QMy husband and I were landlords briefly when we bought our first home and there were tenants living there. The tenants recently vacated, allowing us to move in, but they left the house riddled with fleas. They had a cat and numerous kittens that were allowed to go outside and inside as they pleased.

We deducted $215 from their security deposit -- that was $135 for an exterminator and $80 for flea bombs and spray. The exterminators told us that we would need to use a flea bomb and spray repeatedly to attempt to kill any hatching fleas before they could lay eggs.

The tenants are now threatening to take us to court for the $215, saying that they are not responsible because the house has a "flea problem."

We think we should stay firm on this issue. They left us with a huge problem and as a result, we have spent numerous hours mopping, vacuuming and doing laundry, not to mention the fact that we have been bitten repeatedly. I would like your advice. I never wanted to be a landlord and am glad to basically be done with it.

AProperty manager

Griswold replies:

The lawyers can battle over the legal issues, but as a property manager I would advise you to stay firm. Of course, be prepared to document all your facts and be sure to keep copies of all invoices. I would also suggest that you get an opinion letter from your exterminator on his letterhead stationery.

With additional experience as a landlord, you will begin to develop a sense of when disputes may arise and you should have any independent service providers write detailed information right on the original receipt.

This information could prevent a misunderstanding or at least provide clear rationale for your actions if you find yourself challenged in small-claims court.

Landlords' attorney Smith replies:

I know it wasn't your first choice, but I want to thank you for taking your short and exciting plunge into landlording. This situation must have been a baptism of fire for you, but you will soon find that tenant allegations like this come with regularity.

You need to be able to show the small-claims court that you have documented the condition extensively and that your repair efforts and expenses started modestly but, based on the seriousness of the problem, more extreme measures were required. You may need your carpet or flea expert to back you up with testimony.

If small-claims court is still possible, consider filing a cross-complaint back to the tenant for aggravation and damage on the flea bites.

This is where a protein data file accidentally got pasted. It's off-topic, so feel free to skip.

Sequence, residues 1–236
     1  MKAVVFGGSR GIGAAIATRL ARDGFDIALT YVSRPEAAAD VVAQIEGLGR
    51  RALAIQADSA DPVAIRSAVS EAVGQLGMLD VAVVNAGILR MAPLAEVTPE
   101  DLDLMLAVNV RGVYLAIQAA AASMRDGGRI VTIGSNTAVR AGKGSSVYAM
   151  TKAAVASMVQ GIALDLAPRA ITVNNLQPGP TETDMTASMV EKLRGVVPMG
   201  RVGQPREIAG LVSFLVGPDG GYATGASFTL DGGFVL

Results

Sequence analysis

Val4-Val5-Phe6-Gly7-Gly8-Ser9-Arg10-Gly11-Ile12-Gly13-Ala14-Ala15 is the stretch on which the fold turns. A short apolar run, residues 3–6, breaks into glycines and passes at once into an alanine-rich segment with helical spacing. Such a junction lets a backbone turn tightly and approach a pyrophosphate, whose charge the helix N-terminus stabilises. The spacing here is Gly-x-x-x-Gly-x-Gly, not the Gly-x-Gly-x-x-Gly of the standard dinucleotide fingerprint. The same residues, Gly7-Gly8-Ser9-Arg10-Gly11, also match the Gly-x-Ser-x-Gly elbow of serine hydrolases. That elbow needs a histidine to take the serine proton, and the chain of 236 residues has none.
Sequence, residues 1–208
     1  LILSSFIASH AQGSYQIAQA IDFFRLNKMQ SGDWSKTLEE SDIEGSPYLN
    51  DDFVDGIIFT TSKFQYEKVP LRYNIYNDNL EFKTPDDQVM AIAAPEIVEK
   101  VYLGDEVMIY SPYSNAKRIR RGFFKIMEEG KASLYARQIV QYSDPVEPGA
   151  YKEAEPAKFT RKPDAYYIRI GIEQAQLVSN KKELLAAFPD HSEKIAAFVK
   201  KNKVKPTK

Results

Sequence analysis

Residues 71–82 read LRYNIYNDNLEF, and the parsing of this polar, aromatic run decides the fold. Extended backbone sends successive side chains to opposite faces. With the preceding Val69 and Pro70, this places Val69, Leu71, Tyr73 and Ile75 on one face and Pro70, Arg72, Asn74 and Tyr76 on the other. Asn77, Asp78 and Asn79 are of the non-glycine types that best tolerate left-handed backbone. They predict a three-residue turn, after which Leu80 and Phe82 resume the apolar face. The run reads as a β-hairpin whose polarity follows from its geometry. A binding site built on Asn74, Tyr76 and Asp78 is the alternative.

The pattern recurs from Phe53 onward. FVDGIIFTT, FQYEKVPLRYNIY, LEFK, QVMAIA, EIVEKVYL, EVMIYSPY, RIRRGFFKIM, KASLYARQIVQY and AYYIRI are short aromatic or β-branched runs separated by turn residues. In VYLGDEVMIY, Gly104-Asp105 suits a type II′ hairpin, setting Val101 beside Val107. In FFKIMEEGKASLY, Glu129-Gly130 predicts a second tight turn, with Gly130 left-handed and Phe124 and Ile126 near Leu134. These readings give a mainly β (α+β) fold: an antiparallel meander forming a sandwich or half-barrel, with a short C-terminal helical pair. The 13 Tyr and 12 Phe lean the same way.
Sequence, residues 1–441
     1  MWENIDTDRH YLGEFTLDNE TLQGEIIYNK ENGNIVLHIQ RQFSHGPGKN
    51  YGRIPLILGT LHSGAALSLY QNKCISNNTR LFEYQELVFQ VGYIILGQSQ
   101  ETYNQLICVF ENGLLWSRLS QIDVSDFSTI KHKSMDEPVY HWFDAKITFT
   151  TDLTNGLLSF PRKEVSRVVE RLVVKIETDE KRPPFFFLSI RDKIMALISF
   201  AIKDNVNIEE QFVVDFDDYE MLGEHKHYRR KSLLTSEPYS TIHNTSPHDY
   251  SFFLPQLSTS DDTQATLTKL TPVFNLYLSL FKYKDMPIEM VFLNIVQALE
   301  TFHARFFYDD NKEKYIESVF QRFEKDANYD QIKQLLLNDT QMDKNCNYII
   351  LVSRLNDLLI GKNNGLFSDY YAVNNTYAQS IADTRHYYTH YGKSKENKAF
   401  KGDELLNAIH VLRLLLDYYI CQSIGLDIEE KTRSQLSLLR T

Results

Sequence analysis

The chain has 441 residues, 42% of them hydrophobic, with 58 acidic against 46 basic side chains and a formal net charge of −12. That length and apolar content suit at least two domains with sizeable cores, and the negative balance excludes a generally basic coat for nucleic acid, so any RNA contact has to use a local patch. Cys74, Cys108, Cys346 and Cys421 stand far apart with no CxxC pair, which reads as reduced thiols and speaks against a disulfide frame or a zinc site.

Either way, make sure you document everything carefully and present an organized case. This will give you your best shot in small-claims court.

Tenants' attorney Kellman replies:

I would agree with Ted that if these tenants caused the flea problem, they should pay to take care of it. The problem is that it is unclear who caused the flea infestation.

Because you bought the house already rented, you may not be able to say with certainty that these tenants caused the problem. In fact, they could have inherited the flea infestation from previous tenants. We do not know if, for example, your tenants kept quiet about the fleas out of fear that they would be blamed and face eviction.

Thus, be sure of your facts before going to court. It seems clear you will prove there was a flea problem that required those expenses. What is not so clear is the evidence of who or what caused the flea problem.

We rent an apartment in a small triplex that has three narrow garages off a public alley. The narrow garage and driveway combined with the size of our car require us to back into our garage at an angle.

Up until recently everything was fine. Now we have a new neighbor who lets his friends park in front of his garage so that we cannot easily get into our garage without honking the horn and waiting for someone to move one or more vehicles. Our neighbor's friends also frequently hang out in the driveway working on their cars and disrupting our formerly quiet community.

We have asked the owner to post signs prohibiting parking in front of the garages, but he is not willing to do this. Because he lives off site, he cannot see firsthand what we are faced with. We are on a budget and cannot afford to move. What do you suggest?

Landlords' attorney Smith replies:

I see a couple of reasons to have the car or cars towed away. If a vehicle is positioned on the public alley, often you may be able to have it towed for that reason alone. Police can be contacted and the vehicle towed in accordance with your state or local laws.

If it turns out that the car is off the alley and on private property, then turn to your landlord. He has the right to have the car towed because it is not authorized on his private property. Most cities require that proper tow-away signs be posted in conspicuous locations. These signs can be purchased.

Once the car is towed, the vehicle owner will have to pay storage fees to get it back. The landlord will have to initiate the call to the tow-truck company. Try to get his assistance.

This column on issues confronting tenants and landlords is written by property manager Robert Griswold and San Diego lawyers Steven R. Kellman, director of the Tenant's Legal Center, and Ted Smith, principal in a firm representing landlords. E-mail your questions to Griswold at rgriswold.inman@retodayradio.com. Questions should be brief and cannot be answered individually.

{copy} 2003 Inman News Features

Distributed by Inman News Features